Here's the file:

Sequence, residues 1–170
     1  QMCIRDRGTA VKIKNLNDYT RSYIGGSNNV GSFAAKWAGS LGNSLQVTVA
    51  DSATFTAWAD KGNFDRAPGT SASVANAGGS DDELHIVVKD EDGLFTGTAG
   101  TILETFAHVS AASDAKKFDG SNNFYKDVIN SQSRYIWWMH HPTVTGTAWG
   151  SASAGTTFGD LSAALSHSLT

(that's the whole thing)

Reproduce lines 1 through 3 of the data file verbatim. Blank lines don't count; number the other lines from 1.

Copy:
Sequence, residues 1–170
     1  QMCIRDRGTA VKIKNLNDYT RSYIGGSNNV GSFAAKWAGS LGNSLQVTVA
    51  DSATFTAWAD KGNFDRAPGT SASVANAGGS DDELHIVVKD EDGLFTGTAG